Possible Crossbreedings with Wolves Clades D, E and F have been left out of the discussion so far to simplify the discussions. These three clades are found only regionally, and clades E and F also at very low frequency, three dogs for each clade, making population genetic analyses virtually impossible Table 2. The three clades, which represent three separate origins from the wolf, could either be the results of crossbreedings between male dogs and female wolves or separate domestications of the wolf, or they could have originated together with clades A, B and C at a single domestication event.
In this case they would have been part of a gene-pool containing the ve clades A, B, C, E and F, but clades E and F, like some parts of clade A, would not have spread to other parts of the world. For clade D journal of diabetes and clinical research predatory situation is very different. This clade is found only in Europe and Turkey, and it has therefore probably an origin outside East Asia, independent from that of the other clades.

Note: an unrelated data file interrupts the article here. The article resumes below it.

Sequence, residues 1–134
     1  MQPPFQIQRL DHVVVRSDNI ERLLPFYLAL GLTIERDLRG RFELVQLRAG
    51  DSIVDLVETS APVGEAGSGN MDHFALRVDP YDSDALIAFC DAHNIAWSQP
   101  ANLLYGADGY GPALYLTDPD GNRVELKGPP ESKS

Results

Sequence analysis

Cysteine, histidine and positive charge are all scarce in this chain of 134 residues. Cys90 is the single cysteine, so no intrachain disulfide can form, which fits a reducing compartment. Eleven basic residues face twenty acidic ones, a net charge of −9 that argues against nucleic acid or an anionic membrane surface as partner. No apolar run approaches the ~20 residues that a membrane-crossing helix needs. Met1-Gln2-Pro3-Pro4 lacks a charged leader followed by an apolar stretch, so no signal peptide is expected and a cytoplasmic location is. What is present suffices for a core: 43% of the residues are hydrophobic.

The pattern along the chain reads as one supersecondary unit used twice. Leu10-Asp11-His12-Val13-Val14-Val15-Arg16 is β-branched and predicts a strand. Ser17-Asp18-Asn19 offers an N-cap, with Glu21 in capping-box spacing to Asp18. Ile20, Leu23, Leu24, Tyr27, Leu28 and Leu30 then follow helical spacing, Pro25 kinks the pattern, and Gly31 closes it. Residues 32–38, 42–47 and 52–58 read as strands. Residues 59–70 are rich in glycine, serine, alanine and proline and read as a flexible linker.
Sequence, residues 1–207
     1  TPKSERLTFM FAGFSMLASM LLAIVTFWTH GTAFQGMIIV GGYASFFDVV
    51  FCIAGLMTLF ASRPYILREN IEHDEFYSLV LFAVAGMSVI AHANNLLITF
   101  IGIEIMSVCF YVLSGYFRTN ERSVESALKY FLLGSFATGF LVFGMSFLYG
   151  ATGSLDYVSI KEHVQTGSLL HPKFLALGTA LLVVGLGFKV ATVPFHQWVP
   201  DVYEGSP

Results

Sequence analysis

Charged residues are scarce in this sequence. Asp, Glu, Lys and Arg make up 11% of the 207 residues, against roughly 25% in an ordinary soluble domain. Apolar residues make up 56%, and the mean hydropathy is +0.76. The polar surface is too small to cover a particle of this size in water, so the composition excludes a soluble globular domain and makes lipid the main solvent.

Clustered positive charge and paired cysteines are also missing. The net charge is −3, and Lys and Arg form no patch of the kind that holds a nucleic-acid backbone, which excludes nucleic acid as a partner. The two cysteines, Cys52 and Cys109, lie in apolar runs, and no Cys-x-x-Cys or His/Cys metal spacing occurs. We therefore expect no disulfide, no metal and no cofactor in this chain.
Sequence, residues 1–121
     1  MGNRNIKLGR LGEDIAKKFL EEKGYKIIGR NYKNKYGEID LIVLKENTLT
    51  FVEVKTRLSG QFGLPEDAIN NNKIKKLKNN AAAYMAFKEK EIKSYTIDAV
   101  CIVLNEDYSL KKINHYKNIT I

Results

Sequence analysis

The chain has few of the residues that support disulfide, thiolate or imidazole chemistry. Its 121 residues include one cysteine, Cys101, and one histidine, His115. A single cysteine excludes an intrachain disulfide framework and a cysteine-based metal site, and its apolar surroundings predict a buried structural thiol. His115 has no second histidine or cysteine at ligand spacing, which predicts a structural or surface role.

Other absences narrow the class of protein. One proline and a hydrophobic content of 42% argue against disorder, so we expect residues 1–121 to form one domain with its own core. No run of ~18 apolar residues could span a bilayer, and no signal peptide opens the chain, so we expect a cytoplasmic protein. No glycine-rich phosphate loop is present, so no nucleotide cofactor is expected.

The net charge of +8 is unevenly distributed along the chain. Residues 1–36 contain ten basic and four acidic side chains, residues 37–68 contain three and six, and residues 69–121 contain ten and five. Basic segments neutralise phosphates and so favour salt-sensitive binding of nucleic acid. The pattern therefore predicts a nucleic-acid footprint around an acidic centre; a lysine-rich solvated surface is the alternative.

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There is a clear geographical division within clade D. The distance between the subclusters D1D4 and D5D6, three substitutions, corresponds to approximately 36, years.
It therefore seems probable that clade D originates from at least two separate origins from the wolf. The divergence within subcluster D1D4, a single substitution in 18 individuals, indicates a recent origin, a few thousand years at most. Thus, at least clade D seems to have originated through crossbreeding between male dogs and female wolves.